DMINLGP

DMin, Leadership and Global Perspectives: Crafting Ministry in an Interconnected World

How Pastoring is like Mothering

Written by: on May 31, 2019

Emma Percy draws on her Ph.D. work and experience as a priest to describe how Church of England parish priests might function – using the model and language of motherhood. The reviewer found the female perspective a fresh alternative to the plethora of male perspective dominated writings. Despite the title, the reviewer felt the allegory was more helpful as an approach for how clergy do the ministry rather than a comprehensive list of duties and responsibilities.

The reviewer was comfortable and intrigued by Percy’s ideas of mothering around older children and the parallel between home-making and church-home-making. Percy says that with her children now older, her role is to keep the fridge full and offer them a lift when needed. Her role as a mother was to equip her children to enable them to make this happen.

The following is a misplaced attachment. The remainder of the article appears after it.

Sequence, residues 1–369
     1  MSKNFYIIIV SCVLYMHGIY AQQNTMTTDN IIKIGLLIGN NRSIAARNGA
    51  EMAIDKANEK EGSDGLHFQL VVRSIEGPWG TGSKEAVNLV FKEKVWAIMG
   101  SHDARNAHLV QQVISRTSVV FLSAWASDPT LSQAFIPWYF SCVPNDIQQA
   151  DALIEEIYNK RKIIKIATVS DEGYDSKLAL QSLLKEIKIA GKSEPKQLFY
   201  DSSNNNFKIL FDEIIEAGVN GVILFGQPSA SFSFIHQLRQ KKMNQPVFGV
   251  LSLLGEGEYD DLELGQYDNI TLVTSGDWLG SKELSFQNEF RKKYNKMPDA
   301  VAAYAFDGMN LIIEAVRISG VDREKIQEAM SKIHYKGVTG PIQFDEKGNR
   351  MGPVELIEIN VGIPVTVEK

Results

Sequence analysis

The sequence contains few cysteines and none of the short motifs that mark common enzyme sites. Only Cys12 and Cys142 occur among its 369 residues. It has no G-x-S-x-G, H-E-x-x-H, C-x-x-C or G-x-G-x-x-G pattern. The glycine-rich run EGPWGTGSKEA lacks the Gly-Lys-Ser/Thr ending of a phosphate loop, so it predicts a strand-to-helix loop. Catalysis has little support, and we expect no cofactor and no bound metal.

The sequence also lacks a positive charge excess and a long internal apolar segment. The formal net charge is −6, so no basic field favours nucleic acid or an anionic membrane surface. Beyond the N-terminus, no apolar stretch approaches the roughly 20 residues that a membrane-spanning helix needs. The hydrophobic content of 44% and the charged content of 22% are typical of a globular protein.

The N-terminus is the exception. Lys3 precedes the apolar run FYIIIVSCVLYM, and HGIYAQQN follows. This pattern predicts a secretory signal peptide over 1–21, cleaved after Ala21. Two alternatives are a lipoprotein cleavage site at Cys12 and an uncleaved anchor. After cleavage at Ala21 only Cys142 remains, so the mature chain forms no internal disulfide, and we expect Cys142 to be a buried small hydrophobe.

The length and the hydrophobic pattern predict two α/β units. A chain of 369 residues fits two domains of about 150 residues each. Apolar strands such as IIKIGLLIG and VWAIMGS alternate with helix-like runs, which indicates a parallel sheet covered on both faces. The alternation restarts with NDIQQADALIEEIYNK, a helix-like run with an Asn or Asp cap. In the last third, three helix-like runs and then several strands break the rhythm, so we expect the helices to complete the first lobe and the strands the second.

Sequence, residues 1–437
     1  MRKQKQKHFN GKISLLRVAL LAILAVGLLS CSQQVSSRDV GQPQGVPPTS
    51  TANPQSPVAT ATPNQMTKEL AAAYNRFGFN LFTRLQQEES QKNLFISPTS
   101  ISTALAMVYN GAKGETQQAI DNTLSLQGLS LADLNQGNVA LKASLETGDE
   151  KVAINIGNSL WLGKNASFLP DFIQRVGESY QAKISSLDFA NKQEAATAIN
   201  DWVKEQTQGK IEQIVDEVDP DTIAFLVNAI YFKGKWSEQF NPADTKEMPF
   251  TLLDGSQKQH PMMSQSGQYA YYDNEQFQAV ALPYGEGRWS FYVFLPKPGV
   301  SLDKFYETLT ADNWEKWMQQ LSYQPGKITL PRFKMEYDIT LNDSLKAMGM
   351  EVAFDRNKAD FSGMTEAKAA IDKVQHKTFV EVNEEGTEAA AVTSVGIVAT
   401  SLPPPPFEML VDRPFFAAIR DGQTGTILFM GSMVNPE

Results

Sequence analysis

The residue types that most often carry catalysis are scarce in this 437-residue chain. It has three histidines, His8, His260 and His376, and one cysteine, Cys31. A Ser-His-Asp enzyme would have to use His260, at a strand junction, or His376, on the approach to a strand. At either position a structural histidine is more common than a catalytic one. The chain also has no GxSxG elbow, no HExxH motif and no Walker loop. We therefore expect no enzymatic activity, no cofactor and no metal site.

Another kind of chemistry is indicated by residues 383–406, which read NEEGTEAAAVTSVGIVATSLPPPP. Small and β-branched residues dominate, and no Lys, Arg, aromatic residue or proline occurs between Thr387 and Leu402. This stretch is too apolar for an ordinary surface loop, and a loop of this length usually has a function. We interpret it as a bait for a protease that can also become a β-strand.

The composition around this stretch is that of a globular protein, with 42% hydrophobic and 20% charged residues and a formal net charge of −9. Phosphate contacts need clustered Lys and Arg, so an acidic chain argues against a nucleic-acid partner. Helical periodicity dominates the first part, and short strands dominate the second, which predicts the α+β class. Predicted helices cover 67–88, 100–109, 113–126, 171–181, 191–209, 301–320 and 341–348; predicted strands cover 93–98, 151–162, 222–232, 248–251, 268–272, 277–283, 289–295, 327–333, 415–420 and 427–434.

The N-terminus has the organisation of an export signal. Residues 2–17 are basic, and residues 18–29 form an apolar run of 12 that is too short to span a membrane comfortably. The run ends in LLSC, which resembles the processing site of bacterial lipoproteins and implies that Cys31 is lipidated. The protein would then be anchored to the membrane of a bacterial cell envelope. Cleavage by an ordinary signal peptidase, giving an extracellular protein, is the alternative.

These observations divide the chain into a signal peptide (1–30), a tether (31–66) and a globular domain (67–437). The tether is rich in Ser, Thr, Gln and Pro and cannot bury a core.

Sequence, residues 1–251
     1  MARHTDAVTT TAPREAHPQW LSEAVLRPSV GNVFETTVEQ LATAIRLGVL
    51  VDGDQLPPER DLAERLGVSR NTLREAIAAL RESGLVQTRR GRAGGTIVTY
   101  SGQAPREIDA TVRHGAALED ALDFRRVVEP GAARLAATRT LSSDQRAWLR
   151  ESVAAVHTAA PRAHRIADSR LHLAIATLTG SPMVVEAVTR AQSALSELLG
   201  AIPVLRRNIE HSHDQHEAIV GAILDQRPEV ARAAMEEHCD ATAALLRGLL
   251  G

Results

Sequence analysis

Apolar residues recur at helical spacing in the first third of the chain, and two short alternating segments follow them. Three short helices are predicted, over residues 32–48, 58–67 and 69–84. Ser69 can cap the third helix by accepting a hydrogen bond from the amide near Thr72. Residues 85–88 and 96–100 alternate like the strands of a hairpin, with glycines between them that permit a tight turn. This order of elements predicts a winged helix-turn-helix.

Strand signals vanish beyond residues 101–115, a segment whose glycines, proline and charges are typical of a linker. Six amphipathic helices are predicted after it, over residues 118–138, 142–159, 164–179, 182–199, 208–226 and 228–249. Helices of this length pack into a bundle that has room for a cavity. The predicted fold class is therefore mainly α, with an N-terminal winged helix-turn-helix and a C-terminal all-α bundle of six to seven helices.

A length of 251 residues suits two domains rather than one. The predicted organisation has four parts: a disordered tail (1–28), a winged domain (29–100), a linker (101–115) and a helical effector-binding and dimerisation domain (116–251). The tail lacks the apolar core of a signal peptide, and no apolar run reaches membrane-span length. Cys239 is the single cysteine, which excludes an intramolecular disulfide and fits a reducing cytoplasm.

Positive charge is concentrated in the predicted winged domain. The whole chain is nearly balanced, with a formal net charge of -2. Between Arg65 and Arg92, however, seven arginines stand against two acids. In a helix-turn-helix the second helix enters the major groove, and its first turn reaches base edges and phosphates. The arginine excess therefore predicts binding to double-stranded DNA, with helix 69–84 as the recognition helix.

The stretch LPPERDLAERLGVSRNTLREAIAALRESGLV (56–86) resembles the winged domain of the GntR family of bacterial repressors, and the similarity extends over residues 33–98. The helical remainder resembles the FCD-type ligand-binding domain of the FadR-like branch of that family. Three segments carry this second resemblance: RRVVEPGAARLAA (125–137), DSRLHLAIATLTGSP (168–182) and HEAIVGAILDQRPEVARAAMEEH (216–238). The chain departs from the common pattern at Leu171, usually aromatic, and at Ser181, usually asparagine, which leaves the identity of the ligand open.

Percy also highlights the tension between a focus on church growth as the marker of success and the need to ‘keep the show on the road,’ sustaining a congregation’s faith and community. While Percy is not advocating church as a cozy club, she is highlighting that much of the daily work of pastoral care is not measurable as an output – that the language of business does not have a way to measure the value of an informal chat or a home visit or a chance encounter at the grocery store. Percy’s thesis is that the language of value needs to change so that the unmeasurable – the skill of comforting, for example – can be described and valued. Much of pastoral care leaves the pastor feeling the same way as the primary caregiver of a small child, where one can spend the whole day absorbed by their care, and yet feel they have achieved nothing.[1]